Multi-Modal Robotic Transportation May Be The Norm In 20 Years

Sunday, November 18, 2012

personal aircraft
Future of Transportation
A multi-modal robotic transportation system will potentially be a big part of our future.  Researchers like Peng Yu at MIT are working on the AI and robotic systems for transportation that will be flexible and intelligent enough to cope with weather and other unpredictable events while using optimization and organization to make your commute smoother and faster.
W hen recently paid a visit from the folks at Engadet, MIT graduate student Peng Yu happily showed off a couple of flying demos on a visit, controlling a Parrot AR.Drone quadrotor with a number of methods, including keyboard, tablet (touch), voice and gesture controls. The gesture control method was executed via a Kinect hack that allowed Yu to direct the flying robot over a small model town in the middle of the lab.

Voice, meanwhile, played an important role in a computer demo that keeps in line with a vision from Boeing of a future (some 20 or 30 years out, according to its estimates) in which citizens utilize personal aircraft capable of carrying two to four people to, say, commute to work. Speaking into the system, the user essentially negotiates with the aircraft, giving a destination, hoped for flight duration and any pitstops to be made along the way.

When this research is taken into consideration with the developments in self-driving cars, which are projected to begin to be coming to our roads by 2019, a picture of a multi-modal robotic transportation system is coming into focus.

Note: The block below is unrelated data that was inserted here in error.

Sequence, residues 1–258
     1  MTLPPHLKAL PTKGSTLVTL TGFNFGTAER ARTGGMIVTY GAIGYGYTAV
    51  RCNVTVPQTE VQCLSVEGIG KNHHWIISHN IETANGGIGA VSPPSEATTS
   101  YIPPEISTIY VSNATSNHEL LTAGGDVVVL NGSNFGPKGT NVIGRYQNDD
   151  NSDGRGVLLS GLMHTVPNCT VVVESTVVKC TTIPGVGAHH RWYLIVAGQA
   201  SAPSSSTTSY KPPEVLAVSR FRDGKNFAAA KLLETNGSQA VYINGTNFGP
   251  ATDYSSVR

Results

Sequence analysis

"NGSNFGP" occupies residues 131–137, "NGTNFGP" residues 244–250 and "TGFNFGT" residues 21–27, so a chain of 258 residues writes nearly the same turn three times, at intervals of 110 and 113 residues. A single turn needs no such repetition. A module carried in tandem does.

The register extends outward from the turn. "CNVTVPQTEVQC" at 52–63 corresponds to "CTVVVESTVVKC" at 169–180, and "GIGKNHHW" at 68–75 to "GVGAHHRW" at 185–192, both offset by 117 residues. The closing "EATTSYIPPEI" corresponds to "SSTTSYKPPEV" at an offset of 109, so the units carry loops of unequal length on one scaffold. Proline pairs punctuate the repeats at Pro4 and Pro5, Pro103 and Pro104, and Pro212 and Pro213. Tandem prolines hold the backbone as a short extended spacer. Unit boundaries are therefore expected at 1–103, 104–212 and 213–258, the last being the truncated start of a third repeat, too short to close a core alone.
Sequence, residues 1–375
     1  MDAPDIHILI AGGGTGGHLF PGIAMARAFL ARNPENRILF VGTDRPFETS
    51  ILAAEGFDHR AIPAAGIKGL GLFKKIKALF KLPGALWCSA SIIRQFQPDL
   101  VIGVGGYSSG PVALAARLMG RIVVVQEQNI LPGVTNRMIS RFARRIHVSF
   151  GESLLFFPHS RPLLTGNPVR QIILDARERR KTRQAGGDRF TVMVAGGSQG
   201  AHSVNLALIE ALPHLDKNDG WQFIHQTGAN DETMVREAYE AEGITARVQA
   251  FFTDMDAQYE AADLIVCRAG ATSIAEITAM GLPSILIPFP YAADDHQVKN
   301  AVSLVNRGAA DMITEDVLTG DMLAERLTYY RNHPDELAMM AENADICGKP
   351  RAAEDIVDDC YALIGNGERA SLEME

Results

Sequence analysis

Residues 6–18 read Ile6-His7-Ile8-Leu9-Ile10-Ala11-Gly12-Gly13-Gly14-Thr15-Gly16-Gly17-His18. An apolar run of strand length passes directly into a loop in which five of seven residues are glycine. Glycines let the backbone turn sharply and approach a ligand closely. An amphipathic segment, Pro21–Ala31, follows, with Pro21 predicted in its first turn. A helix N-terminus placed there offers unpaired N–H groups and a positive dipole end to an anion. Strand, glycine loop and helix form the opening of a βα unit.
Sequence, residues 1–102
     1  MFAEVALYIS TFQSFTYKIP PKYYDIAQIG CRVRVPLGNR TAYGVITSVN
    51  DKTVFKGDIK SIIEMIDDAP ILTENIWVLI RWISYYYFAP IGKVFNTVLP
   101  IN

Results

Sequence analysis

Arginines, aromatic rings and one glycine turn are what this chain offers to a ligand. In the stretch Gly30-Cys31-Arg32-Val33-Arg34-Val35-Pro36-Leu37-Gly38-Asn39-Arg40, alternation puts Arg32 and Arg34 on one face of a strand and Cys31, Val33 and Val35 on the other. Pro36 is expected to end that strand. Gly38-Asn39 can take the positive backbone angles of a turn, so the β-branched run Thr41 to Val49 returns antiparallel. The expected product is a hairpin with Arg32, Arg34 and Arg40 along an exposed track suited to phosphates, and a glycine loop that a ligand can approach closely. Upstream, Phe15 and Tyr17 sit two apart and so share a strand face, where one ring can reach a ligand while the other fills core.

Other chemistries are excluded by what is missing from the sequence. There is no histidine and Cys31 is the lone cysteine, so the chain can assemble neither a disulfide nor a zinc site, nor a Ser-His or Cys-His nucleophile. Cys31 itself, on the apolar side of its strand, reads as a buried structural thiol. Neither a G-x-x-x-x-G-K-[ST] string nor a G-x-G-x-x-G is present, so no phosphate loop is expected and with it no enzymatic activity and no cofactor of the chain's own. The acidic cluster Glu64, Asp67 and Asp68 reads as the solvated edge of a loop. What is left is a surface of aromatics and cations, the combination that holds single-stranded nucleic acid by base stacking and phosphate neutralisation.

robotic car map
Google self-driving car map

Conceivably, in the future, you may not necessarily depend on a single transportation mode to commute to work or run errands.  An intelligent network of transportation could be developed that would provide the best system depending on traffic volumes, weather and availability.  Where you might drive into the office int he morning, a personal helicopter ride with a neighbor may be the optimal solution for the trip home, since you and your neighbor each need to stop off to pick up milk and eggs.

Research, like Yu's which focuses on the collaboration between humans and autonomous systems in planning and execution tasks, especially under unexpected plan failure situations, is laying the groundwork for such potential solutions.  and the underpinnings of the transportation network of the future will be dependent on robotic and artificial intelligence systems as much as asphalt and overpasses.

SOURCE  Engadget

IMAGE SOURCES  Top - Terrefugia, Google map - Reuters/Nevada Department of Motor Vehicles

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